D.T.M. (Dermatophyte Test Medium) is a test medium (a substance that ringworm will grow in) that has added to it antibiotics to kill bacteria and other substances. The medium is kept refrigerated before use. This culture medium will change color (to red) when an infectious fungus is growing. The sample should be plucked from the edge of the lesion and placed into the medium. Use clean, dry forceps – no alcohol – do not prep the area. The lid should be left ajar and the medium kept at room temperature for the culture to grow.
Treatment of ringworm involves shaving the pet, as the hairs are the mode of transmission, and dips, along with oral medications. Treatment is difficult because the ringworm grows only on dead tissue and it is difficult to treat dead tissue. Four to six weeks of treatment is sometimes necessary.
Ringworm is contagious, primarily to children and aged adults, but anyone can contract it from, or give it to, a pet. Other pets are susceptible and contact should be prevented. Cats can be carriers without showing signs and all cats in a household should be suspect. All cats should have the hair combed with a toothbrush, then the brush contents applied to the D.T.M. for diagnosis. All positive animals are treated.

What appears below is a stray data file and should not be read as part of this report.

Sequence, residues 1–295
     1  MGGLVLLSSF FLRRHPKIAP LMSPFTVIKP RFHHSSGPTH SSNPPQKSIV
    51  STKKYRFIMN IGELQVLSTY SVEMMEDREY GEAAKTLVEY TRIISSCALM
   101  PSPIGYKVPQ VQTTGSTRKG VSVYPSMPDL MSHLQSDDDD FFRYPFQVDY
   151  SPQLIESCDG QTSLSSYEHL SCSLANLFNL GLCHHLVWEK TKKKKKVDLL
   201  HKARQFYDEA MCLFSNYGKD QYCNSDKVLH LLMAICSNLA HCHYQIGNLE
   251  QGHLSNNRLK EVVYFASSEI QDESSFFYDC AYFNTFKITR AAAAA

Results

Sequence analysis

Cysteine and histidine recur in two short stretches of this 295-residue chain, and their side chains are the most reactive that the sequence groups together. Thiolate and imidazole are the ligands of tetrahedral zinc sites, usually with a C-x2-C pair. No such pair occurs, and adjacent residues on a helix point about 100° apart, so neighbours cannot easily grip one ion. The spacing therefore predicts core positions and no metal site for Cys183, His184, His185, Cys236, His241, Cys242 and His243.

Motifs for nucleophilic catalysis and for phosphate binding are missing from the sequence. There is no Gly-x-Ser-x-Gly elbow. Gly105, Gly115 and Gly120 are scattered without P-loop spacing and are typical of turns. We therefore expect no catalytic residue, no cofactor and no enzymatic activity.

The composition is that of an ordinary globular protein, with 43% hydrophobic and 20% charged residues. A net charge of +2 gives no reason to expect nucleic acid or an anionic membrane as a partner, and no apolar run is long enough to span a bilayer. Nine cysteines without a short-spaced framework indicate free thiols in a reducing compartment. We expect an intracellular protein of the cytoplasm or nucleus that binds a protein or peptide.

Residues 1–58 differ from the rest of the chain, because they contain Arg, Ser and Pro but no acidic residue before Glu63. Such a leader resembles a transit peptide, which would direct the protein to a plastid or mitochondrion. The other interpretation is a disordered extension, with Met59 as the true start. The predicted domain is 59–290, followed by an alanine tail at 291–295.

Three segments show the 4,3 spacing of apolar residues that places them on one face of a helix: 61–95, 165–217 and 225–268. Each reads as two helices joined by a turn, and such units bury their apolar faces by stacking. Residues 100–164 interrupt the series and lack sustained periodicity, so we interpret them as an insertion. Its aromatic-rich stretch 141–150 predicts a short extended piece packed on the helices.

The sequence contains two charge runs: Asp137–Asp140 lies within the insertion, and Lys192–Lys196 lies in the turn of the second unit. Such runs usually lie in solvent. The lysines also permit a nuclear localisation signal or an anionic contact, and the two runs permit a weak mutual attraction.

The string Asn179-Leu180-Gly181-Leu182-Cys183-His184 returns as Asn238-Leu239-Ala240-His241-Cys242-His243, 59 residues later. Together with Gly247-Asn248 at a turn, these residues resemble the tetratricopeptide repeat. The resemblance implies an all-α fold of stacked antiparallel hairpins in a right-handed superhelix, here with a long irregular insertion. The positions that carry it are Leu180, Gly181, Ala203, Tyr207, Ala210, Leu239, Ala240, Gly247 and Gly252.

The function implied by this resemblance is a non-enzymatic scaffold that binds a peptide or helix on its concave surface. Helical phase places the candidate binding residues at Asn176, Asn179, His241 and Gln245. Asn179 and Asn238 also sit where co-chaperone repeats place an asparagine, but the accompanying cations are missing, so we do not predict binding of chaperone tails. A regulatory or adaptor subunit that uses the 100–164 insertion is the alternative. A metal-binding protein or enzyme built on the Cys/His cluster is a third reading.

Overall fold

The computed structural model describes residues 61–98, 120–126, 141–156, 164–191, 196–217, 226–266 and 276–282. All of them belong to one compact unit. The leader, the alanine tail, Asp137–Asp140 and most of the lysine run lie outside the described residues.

Ringworm may be infectious to hospital personnel. Equipment used to shave an infected animal should be disinfected with Betadine® or chlorine bleach. The entire area and all hair should be disinfected immediately. REMEMBER! THE HAIR IS THE TRANSMITTING AGENT!
A relatively new diagnosis has been made as a cause of chronic dermatitis, mostly in West Highland White Terriers and Cocker Spaniels. This is a yeast infection (Malassezia Pachydermatis) that is growing on the skin. This yeast is commonly found in the ears but recently has been discovered as a cause of skin disease. The signs are typically on the ventral abdomen, feet, face (around mouth), anterior limbs or posterior thighs. Musty odor and moist dermatitis are the presenting complaints. Oral ketoconazole (Nizoral®) (10mg/kg twice daily for 30 days) is the treatment. KetoChlor® Shampoo contains ketoconazole and should be used weekly for dogs with Malassezia.